Penny Dale: Picture books and gender
Published on: 23 Mai 2011 Author: Penny Dale
For years I have developed ideas for books just with children in mind - without thinking consciously about the gender of readers.
In the case of the earliest titles - from about twenty years ago - I think I was actually aware of trying to be as inclusive as possible and the books I produced at that time bear that out - no pun intended. I've heard lots of people say that the 'Little One' character in Ten in the Bed, first published in 1988, is just like their little girl, and just as many saying he's exactly like their little boy!
Gradually over time, the climate in children's publishing has changed to a position where it now seems perfectly OK to think more specifically about the interests of boys or girls when developing ideas for books. Why and indeed how much this is the case would be an interesting discussion to have sometime.
But the opportunity to focus on what particularly interests boys was welcome, because for a while I'd suspected that it could be possible to make a 'young' book in such a way that it would also be acceptable as an early reader for older children. Something to have fun reading themselves without feeling it was too young for them - Bold and straightforward but with layers and details to discover and to add depth. Possibly there is a need for more material like this - especially for boys finding reading a bit of a struggle.
Even before my grandson was born, he is now nearly three, I was starting to think about how I could write something for very young boys. The title of my last book - Princess, Fairy - gives a clue to why I wanted to try something different. I had really enjoyed reworking the story of the frog prince with girls as both the main characters. But it had taken more than a year to complete and I felt like a change of direction.
I had started to realise just how intensely interested young boys are in machinery and vehicles, during major flood prevention works near us a few years ago. Children clustered on the bridge to watch diggers, excavators and dump trucks. I heard one little boy, waiting for a dump truck to come, beep, beep, beeping round the bend, shouting, 'Yes! Yes! Yes!' as it appeared ...Very excited indeed!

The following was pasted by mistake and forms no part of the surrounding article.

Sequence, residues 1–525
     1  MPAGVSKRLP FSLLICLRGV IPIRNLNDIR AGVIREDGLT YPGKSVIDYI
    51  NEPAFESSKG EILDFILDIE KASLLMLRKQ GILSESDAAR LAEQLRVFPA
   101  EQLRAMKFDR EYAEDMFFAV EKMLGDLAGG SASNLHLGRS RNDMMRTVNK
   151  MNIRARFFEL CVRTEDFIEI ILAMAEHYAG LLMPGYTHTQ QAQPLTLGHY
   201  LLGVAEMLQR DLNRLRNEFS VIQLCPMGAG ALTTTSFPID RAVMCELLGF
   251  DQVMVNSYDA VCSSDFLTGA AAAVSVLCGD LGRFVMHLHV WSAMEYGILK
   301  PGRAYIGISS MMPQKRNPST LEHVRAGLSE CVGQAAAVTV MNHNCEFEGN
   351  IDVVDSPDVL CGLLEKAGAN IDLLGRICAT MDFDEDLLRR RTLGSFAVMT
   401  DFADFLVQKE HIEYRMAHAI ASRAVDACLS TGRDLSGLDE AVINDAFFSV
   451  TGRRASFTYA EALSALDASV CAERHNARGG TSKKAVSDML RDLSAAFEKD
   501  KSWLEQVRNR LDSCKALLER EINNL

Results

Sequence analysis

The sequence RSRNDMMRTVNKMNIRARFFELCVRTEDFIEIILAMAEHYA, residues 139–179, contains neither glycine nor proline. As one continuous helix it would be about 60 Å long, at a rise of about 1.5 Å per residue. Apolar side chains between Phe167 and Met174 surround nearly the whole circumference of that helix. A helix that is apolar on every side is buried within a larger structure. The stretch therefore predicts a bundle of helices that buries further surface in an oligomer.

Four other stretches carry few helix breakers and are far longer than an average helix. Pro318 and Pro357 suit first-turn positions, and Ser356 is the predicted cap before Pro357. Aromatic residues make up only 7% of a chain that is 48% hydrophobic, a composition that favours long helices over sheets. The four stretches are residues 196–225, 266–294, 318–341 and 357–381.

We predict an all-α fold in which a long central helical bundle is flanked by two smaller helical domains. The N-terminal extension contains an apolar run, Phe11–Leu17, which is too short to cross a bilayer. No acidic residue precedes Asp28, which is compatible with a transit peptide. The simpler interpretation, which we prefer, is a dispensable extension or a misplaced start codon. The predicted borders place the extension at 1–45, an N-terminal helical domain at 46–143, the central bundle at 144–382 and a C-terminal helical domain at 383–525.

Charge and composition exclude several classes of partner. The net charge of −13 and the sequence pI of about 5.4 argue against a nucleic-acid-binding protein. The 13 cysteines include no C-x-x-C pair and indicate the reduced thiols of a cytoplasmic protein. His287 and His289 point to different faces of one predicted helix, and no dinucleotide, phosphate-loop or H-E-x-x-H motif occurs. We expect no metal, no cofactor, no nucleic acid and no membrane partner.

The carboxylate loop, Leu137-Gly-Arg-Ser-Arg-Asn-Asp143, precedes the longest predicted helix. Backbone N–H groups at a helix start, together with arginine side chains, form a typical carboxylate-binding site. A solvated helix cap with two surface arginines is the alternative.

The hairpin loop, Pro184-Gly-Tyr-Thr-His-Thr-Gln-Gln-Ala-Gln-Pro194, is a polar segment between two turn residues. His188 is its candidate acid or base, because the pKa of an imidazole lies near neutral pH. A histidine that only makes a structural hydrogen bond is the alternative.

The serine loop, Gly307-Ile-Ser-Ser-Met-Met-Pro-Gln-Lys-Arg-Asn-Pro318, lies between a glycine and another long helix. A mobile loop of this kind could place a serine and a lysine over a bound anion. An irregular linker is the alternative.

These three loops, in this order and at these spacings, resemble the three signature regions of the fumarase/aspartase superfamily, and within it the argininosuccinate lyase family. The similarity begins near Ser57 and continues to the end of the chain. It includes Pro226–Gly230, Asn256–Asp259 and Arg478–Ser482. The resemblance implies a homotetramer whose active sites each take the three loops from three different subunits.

So when my grandson was starting to talk and one of his first words was 'digger' I was sure I had to zone in on the subject. I wanted to focus on what I suspected from watching him, were aspects he particularly relished. He would croon 'digger', when approaching any type of vehicle - and where possible patting and stroking any part within reach - often the tyres, as if they were tame animals.
I decided to try to draw and write about the massive machines, the dirt and noise, the shiny parts, all the aspects of the experience that seemed important to him and ... with an element of realism which I think children appreciate, especially when the joy of the real thing is so much about the scale and size and detail.
When it came to who could be driving I didn't think realistic human drivers would be right, and an alternative came as just a thought at first, then grew into a realisation that the spirit or feeling of a dinosaur has lots in common with the equipment... Weight, power, mass, jaws, teeth, claws and roaring! That was a good moment, but it was followed by months of experimental drawing trying to fit the massive creatures into enormous machines designed for very differently shaped drivers. Dinosaurs have huge tails to put it politely - a great deal of mass at the back - so in the end I had to grapple with redesigning some of the diggers.
I worked and reworked the text many times for what became Dinosaur Dig! which has been published by Nosy Crow. I included an element of counting which seemed to fit naturally with the cumulative progression of a group working together to build something themselves.
I started on the actual colour artwork in early 2010. Amazingly, at the same time, major construction work began once more, and right outside our house this time! I drew and painted accompanied by rumbles and shouts, crashes and vibrations that literally shook the drawing board at times!
This mostly sympathetic soundtrack lasted for the whole year until the book was finished - and of course all the machinery provided five star entertainment for my grandson when he was visiting.
I very much hope the book will entertain too ... and maybe some girls as well as boys!